We had a system of treaties in TWBW, such that a treaty written up in-character in the AAR thread, and where one of the parties paid some gold to the bank, was considered a FoCoG – Field of the Cloth of Gold – and could be enforced by excommunicating (by editing the savegame) any party in breach of its provisions. This is the first such treaty that involved Norway.
Treaty of Mecklemburg
His Most Christian Majesty, Konrad Billung, King of Prussia; and Einar Sigurdsson Yngling, King of Norway and Sweden, the Wends and the Goths,
having this Day concluded a Treaty of Amity and Commerce, for the reciprocal advantage of their Subjects, have thought it necessary to take into consideration the means of strengthening those engagements and of rendering them useful to the safety and tranquility of the two parties, particularly in case a foreign Power in Resentment of that connection and of the good correspondence which is the object of the said Treaty, should break the Peace with either party, either by direct hostilities, or by hindering commerce and navigation, in a manner contrary to the Rights of Kings,
and their Majesties having resolved in that Case to join their Councils and efforts against the Enterprises of their common Enemy, the respective Plenipotentiaries, empowered to concert the Clauses and conditions proper to fulfil the said Intentions, have, after the most mature Deliberation, concluded and determined on the following Articles.
Article the first:
If War should be declared by any other Power upon either contracting Party during the continuance of the present Reigns of their respective Majesties, the said Majesties shall make it a common cause, and aid each other mutually with their good Offices, their Counsels, and their forces, according to the exigence of Conjunctures as becomes good and faithful Allies.
Article the second:
The essential and direct End of the present defensive Alliance is to maintain effectually the Liberty, Sovereignty, and Independence absolute and unlimited of the said Majesties, as well in Matters of Government as of commerce.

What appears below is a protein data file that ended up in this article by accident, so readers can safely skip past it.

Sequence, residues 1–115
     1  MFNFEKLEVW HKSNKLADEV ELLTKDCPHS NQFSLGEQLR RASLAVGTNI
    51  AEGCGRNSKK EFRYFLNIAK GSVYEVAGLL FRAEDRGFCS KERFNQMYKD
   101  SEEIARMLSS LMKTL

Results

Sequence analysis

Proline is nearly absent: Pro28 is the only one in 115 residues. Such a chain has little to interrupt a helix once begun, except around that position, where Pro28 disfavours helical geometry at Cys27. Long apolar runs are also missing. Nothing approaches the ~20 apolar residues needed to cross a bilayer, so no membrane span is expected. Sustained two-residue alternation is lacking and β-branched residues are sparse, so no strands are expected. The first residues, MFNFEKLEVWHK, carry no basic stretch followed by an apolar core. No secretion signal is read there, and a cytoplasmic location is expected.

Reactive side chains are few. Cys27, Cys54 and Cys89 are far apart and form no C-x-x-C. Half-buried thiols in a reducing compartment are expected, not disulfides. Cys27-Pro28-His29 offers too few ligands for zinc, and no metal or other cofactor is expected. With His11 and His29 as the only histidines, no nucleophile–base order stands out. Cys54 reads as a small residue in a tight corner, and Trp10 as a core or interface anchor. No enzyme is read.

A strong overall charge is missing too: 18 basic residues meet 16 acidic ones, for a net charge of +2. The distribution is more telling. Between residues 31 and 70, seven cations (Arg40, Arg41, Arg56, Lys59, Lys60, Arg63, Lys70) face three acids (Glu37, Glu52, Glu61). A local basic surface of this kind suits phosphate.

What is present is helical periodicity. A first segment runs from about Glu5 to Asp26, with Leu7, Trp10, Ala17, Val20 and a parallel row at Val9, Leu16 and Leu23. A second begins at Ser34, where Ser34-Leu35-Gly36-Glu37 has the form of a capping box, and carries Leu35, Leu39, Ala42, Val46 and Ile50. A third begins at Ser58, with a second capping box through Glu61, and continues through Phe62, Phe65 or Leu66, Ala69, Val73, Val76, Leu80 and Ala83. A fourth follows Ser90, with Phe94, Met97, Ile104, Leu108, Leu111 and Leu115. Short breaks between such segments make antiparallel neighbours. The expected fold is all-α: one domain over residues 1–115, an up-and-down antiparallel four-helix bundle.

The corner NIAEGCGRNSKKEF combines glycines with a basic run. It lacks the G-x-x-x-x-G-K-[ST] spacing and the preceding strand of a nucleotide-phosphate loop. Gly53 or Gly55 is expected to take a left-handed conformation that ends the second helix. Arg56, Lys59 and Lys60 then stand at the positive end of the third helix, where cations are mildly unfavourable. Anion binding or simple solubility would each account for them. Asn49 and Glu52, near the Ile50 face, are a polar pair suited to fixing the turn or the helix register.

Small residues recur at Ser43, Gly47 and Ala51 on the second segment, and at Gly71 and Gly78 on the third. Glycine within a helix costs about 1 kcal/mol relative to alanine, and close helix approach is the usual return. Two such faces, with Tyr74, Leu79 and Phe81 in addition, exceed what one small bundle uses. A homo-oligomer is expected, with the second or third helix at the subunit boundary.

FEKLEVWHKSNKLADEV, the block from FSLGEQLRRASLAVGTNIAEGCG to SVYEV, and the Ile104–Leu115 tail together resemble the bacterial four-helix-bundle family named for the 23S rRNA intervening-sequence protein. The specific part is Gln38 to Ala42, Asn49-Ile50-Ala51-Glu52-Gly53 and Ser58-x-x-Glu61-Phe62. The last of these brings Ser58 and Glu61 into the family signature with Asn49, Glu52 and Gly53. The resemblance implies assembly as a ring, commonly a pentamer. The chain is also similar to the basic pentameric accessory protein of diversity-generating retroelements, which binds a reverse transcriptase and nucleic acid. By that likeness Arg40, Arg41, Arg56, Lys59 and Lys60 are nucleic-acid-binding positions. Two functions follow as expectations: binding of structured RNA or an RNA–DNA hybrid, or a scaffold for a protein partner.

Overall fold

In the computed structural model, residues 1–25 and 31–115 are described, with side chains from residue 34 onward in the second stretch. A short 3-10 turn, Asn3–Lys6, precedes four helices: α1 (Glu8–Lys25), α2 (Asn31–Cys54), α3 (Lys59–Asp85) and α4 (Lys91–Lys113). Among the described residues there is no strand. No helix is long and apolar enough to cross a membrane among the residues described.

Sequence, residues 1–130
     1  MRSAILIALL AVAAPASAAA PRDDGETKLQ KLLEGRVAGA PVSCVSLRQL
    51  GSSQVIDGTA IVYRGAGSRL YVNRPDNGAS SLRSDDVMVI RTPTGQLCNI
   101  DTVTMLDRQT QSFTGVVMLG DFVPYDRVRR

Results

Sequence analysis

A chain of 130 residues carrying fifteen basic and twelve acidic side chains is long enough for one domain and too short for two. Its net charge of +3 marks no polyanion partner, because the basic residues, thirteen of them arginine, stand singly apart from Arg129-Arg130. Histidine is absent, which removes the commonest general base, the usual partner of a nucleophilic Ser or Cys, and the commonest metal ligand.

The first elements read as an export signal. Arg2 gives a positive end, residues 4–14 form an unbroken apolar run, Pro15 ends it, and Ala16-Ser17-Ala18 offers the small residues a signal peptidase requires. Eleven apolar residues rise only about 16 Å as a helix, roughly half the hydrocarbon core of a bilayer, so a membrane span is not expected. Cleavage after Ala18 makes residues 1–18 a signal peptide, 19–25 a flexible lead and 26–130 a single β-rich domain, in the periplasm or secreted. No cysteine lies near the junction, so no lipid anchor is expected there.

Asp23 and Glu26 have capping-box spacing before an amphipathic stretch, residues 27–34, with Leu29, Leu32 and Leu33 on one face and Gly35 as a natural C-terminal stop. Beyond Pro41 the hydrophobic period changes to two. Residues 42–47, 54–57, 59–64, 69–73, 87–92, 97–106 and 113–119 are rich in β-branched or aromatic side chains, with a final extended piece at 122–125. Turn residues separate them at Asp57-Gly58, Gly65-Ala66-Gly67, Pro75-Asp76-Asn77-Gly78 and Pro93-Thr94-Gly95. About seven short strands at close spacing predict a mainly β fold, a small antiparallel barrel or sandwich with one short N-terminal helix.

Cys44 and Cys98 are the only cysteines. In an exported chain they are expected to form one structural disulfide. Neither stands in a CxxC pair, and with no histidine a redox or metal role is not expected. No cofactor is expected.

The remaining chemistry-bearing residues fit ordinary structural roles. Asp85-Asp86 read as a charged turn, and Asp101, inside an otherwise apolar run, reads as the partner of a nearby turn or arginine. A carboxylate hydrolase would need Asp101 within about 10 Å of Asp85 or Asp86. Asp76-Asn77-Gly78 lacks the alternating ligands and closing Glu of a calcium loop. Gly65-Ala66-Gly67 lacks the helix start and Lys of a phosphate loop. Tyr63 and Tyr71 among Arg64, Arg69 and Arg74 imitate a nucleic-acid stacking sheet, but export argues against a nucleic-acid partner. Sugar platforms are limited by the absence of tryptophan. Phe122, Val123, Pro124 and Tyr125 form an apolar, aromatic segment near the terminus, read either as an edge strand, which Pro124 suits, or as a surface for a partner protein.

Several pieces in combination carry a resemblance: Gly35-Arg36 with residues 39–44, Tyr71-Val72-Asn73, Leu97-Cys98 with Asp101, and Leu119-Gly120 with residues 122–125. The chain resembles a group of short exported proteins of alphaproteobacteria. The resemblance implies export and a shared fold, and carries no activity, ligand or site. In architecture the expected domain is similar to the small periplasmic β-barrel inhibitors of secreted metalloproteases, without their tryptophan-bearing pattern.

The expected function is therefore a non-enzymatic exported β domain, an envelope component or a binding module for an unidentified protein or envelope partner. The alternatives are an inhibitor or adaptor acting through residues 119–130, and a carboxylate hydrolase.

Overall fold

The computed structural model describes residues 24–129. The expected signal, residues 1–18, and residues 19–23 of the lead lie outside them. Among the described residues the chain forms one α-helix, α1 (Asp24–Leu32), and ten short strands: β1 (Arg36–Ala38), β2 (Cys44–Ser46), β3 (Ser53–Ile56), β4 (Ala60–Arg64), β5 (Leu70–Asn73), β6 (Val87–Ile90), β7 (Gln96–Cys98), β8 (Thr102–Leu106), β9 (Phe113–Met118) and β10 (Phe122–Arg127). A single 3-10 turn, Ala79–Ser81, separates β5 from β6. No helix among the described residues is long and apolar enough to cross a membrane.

Article the third:
The two contracting Parties shall each on its own Part, and in the manner it may judge most proper, make all the efforts in its Power, against their common Enemy, in order to attain the end proposed.
Article the fourth:
The contracting Parties agree that in case either of them should form any particular Enterprise in which the concurrence of the other may be desired, the Party whose concurrence is desired shall readily, and with good faith, join to act in concert for that Purpose, as far as circumstances and its own particular Situation will permit; and in that case, they shall regulate by a particular Convention the quantity and kind of Succour to be furnished, and the Time and Manner of its being brought into action, as well as the advantages which are to be its Compensation.
Article the fifth:
Einar Sigurdsson Yngling renounces the possession of the Duchy of Holstein, comprising the Counties of Holstein and Hamburg, in favour of the prior claim of Konrad Billung.
Article the sixth:
Konrad Billung renounces the possession of the Counties of Södermanland and Östergotland, in favour of the superior claim of Einar Sigurdsson Yngling.
Article the seventh:
Neither of the two Parties, the first Article having been invoked, shall conclude either Truce or Peace with their common for, without the formal consent of the other first obtained.
Article the eighth:
The contracting Parties declare, that being resolved to fulfil each on its own Part the clauses and conditions of the present Treaty of alliance, according to its own power and circumstances, there shall be no after claim of compensation on one side or the other whatever may be the event of the War.
Done in Mecklemburg this third day of January, year of Our Lord one thousand, one hundred, and fifty-one.
X Einar Sigurdsson Yngling, his mark
X Konrad Billung, his seal
The treaty was not universally popular:
The Tsar of Russia protests the treaty between Prussia and Norway as a dangerous course that can potentially destabilize the balance of power.
The Czar of Russia is a known troublemaker, who would no doubt be saying this sort of thing for any Norwegian action short of signing Finland over to him. Which, just to be clear, will not be occurring.